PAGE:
Lighting up the woods

Area of woods that has been coppiced

Peter Loy-Hancocks has contributed this blog post explaining the importing of coppicing and why it is needed in Manor Woods Valley.

As anyone who keeps houseplants knows, plants need light to grow and thrive – for most, the more the better! There are several different types of woodland in Manor Woods Valley Local Nature Reserve. The shade created by trees and shrubs in some of these are so dense that few plants grow beneath them. This is especially evident in Allotment Wood; the woodland along the northern, Bishopsworth Road, side of Manor Woods Valley.

Ivys and Ferns in a coppiced area
Ivy and ferns are the only plants that thrive in the dense shade

Allotment Wood is very young; developing naturally following the abandonment of war-time, ‘Dig for Victory’, extensive allotments on the site – hence its name. It has developed through phases, from well tended plots, to a massive Bramble patch, then through a stage of impenetrable, mainly Hawthorn and Blackthorn, scrub. Today the shrubs and trees are tall enough to allow access beneath them, but the leaf canopy is so dense that little light hits the woodland floor.

A few woodland plants, such as Ramsons, currants and young Hazels, are appearing beneath the trees, but all are struggling to survive. Ivy and ferns are the only plants that are thriving!

In 2017 Manor Woods Valley Group commenced coppicing small areas in Allotment Wood. Coppicing is the now largely forgotten practice of cutting back shrubs, especially Hazels, every few years, to encourage prolific new, strong and straight growth. Historically this re-growth was used to make a variety of items including baskets, hurdles or pins to hold thatch. There is little use for these items today! Now, when shrubs are cut-back, the debris is made in to ‘dead-hedges’, which often become covered in Brambles and Nettles, and form the same valuable wildlife functions as traditional living hedges.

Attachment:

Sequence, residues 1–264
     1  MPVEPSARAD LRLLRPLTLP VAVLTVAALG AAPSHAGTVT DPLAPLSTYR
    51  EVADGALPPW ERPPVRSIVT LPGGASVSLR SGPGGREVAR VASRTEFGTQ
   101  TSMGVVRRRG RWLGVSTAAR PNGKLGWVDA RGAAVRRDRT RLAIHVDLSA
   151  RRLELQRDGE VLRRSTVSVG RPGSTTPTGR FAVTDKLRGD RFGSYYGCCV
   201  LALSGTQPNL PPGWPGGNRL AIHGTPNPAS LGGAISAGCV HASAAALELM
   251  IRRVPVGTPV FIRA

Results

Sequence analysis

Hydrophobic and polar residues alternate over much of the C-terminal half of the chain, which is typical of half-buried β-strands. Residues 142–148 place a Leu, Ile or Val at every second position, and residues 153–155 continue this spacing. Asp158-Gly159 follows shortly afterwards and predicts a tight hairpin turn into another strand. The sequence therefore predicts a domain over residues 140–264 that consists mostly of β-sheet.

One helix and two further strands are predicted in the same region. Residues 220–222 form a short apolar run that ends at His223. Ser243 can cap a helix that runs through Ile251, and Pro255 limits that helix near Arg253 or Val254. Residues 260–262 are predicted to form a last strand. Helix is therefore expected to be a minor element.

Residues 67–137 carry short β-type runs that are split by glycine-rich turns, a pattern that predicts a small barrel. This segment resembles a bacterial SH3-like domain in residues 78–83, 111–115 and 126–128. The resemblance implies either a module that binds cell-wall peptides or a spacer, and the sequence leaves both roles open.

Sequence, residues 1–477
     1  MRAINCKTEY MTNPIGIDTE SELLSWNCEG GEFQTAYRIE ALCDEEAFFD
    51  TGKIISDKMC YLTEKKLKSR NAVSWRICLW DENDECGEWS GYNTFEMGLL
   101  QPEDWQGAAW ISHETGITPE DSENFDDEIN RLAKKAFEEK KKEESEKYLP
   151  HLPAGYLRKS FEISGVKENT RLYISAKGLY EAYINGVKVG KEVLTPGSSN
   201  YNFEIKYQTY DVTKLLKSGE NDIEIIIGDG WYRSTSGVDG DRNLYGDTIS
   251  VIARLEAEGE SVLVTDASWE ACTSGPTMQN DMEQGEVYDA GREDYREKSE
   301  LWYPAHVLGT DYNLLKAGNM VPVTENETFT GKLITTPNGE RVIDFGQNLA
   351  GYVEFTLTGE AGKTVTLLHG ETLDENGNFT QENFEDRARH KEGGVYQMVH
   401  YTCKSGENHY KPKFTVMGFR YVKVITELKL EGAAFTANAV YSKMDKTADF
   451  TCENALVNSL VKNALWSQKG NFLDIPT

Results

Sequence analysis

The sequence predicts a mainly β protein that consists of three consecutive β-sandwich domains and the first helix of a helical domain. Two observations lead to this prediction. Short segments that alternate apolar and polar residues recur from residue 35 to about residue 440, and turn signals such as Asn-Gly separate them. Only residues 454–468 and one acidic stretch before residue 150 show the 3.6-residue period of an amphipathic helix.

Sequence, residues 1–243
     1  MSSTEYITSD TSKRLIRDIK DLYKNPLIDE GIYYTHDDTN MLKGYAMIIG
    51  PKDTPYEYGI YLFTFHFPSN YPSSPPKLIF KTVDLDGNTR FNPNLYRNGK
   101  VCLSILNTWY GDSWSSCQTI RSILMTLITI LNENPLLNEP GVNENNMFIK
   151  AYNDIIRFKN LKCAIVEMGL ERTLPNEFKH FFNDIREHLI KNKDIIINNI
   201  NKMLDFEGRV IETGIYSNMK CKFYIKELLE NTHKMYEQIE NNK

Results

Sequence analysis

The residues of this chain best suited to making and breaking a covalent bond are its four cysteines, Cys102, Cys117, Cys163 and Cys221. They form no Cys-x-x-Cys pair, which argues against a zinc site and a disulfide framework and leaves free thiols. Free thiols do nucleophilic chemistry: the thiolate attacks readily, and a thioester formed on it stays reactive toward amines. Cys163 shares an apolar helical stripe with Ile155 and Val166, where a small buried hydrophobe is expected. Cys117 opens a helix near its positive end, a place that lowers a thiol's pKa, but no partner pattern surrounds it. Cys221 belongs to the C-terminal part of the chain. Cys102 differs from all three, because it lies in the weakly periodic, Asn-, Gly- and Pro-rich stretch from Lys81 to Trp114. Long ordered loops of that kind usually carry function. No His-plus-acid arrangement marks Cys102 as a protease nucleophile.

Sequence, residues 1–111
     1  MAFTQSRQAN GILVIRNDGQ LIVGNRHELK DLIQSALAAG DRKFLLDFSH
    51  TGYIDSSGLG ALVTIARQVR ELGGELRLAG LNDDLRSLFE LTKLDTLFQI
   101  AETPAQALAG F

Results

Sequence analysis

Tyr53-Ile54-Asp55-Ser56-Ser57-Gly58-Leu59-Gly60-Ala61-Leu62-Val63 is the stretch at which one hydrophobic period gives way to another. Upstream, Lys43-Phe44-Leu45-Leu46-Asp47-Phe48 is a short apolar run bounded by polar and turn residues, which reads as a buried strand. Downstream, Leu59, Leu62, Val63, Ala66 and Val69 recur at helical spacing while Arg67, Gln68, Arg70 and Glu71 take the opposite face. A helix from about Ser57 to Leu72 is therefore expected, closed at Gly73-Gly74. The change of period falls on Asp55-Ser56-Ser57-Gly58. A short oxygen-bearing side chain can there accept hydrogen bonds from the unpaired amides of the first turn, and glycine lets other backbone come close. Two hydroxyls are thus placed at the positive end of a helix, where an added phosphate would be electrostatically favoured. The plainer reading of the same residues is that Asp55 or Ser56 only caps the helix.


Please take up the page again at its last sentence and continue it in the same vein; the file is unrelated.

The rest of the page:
Dead hedge in Manor Woods Valley
A ‘dead-hedge’ in Allotment Wood

Coppicing has the added benefit of creating lots of variety within the structure of woodland. Within a relatively short time of coppicing, Ramsons start to thrive and flower, followed by Nettles and Great Willowherb. As the Hazels and other shrubs re-grow, they again start to shade out the flowering plants, and its soon time to repeat the coppicing cycle. All this plant growth encourages a range of wildlife, such as basking butterflies and their feeding caterpillars, hunting dragonflies, pollinating bees and nesting birds.

Area of woods that has been coppiced
An area coppiced earlier this year – note how dark the surrounding woodland is and how quickly vegetation has grown once the light is let-in.
Coppiced area after 2 years
An area coppiced two years ago. The Hazels stools are growing strongly, Ramsons are in flower and Nettles are growing.

The areas that have been chosen for coppicing during the winter of 2019/20 are on the edge of Allotment Wood, near the cycle-path. These areas are sheltered and south facing, so encourage rapid growth of flowers and shrubs, which make ideal habitat for the likes of Speckled Wood, Gatekeeper and Brimstone butterflies, and Southern and Migrant Hawker Dragonflies.

Speckled wood butterfly
Speckled Wood butterfly
Close up of Southern Hawker Dragonfly
Southern Hawker dragonfly


If you would like to help Manor Woods Valley Group with the rewarding work of coppicing this winter, look out for notices posted in and around Manor Woods Valley, or on our Facebook page. Why not sign-up for our regular newsletter and receive notifications of our volunteering sessions – which are usually on the second Saturday of the month?

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